• avatar

    If there is a lesson to be learned by Daimler, it’s to not be so stupid as to fire a whistleblower but to promote them.

  • avatar

    This is an example of the practicallity of Jewish (and by extension Christian law). It was illegal to except bribes but not to make them. Some might say that isn’t fair, but Jewish law recognized that sometimes it is necessary to bribe an official to get a fair deal. The fault doesn’t lie with the person providing the bribe so much as with the person accepting (or even expecting) the bribe. Maybe we should focus on arresting US officials from County Judges to US Senators who accept bribes rather than concern ourselves with foriegn companies who offer bribes to foriegn officials. Oh wait, there’s no money in that for the government.

  • avatar

    I don’t think the article is totally fair. These kinds of prosecutions are not exclusive to the US. Just because a past practice was allowed (i.e. tax-deductions for Schmiergeld, which itself was outlawed by both German and EU law, around the time the crimes in question were committed) is not a robust defense of the practice, nor a robust indictment of the DoJ/SEC’s prosecution.

    My former Germany-based employer fell afowl of the law in Europe and payed fines for bribery and record fines for collusion (several times for both with super-penalties levied for being a repeat offender). As part of the settlement with the Eu prosecutors, the company agreed to school middle and upper management and apply a near-zero-tolerance to corrupt and collusive practices.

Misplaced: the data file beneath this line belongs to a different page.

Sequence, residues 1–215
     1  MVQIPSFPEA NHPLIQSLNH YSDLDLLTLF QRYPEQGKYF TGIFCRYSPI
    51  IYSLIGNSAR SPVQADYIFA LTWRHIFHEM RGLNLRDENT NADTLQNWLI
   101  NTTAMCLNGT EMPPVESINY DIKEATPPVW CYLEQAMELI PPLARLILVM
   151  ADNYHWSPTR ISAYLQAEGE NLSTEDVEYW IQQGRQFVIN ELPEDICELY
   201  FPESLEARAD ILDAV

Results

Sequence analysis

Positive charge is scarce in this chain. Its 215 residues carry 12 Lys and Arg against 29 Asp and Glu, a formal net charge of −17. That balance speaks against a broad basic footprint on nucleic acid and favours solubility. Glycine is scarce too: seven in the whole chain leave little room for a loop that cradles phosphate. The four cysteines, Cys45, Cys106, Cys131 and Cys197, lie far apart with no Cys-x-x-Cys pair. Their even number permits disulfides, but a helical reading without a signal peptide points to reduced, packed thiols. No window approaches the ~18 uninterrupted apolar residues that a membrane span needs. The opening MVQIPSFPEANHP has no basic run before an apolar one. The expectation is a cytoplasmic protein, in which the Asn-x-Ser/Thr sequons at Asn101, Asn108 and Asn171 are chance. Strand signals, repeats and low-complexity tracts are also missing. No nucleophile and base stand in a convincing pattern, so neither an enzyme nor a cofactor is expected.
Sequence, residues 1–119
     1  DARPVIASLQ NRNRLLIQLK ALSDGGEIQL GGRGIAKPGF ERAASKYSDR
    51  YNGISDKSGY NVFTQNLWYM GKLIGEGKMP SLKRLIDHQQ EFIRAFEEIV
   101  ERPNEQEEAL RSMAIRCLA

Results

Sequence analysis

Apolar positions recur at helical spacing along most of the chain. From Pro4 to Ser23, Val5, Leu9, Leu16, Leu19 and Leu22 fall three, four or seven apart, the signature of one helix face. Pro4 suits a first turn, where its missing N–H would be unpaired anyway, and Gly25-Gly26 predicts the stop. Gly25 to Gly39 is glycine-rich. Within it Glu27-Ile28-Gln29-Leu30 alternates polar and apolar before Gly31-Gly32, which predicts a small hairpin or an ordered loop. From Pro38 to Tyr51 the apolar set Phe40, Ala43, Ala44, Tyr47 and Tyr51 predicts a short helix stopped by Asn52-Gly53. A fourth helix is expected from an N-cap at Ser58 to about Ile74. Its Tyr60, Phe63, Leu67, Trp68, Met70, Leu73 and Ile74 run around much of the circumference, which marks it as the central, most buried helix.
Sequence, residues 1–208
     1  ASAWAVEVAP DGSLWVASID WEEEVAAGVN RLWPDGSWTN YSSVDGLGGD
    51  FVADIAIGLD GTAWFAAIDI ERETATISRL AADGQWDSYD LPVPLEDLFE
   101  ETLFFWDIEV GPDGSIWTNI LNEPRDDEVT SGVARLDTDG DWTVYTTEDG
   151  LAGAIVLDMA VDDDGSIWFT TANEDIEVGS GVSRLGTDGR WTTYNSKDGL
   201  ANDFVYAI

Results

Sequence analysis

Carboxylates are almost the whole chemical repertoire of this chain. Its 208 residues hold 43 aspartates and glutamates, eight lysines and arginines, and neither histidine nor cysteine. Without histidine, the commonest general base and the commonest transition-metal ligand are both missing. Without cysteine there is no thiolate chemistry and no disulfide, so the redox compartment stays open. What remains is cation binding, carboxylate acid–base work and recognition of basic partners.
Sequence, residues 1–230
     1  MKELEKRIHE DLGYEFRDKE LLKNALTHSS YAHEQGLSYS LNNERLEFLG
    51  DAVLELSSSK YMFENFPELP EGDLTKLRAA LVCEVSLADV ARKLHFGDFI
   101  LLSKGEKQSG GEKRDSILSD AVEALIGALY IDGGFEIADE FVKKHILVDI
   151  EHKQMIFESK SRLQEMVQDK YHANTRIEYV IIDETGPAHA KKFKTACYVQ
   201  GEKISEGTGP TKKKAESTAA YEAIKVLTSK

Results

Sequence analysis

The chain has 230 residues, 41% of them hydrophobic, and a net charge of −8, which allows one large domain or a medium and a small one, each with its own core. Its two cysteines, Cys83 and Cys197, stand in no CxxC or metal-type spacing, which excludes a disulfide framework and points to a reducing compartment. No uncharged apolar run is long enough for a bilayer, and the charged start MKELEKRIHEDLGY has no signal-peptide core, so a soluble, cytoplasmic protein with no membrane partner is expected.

One thing that I well remember from the annual tranings was that gifts or presents presented after the fact (or even just to accelerate the process of an official doing their job, and reaching the same conclusion they normally would have) were going to draw intense interst from prosecutors in (IIRC) Bochum and Darmstadt and were therefore prohibited under corporate policy. (There were many other strict policy items but I just touch on these two here.)

    Siemens lost both their active Chairman (von Pierburg) and CEO (Klaus Kleinfeld) due to activities surrounding these two topics which came under scrutiny of German Federal Prosecutors.

    In the end, unchecked corruption results in high prices for sub-par products and ultimately makes everyone poor.

    • 0 avatar

      Fair? If the Germans, or we, the people of Russia, China, Turkey, Egypt, Nigeria, or Iraq indict Daimler for bribery, then it’s one thing. But what business does the U.S.A. have to bring criminal charges against a foreign company that perpetrated crimes in a foreign land?

      Sometimes, I have the feeling that the sovereignty of the state of Delaware wears heavier than the sovereignty of another country. Which we will see April 15th, when China will be branded a currency manipulator by the U.S.A. For the crime of having the Chinese currency pegged to the dollar.

    • 0 avatar

      Ah, and I remember the words of one of my clients at Volkswagen: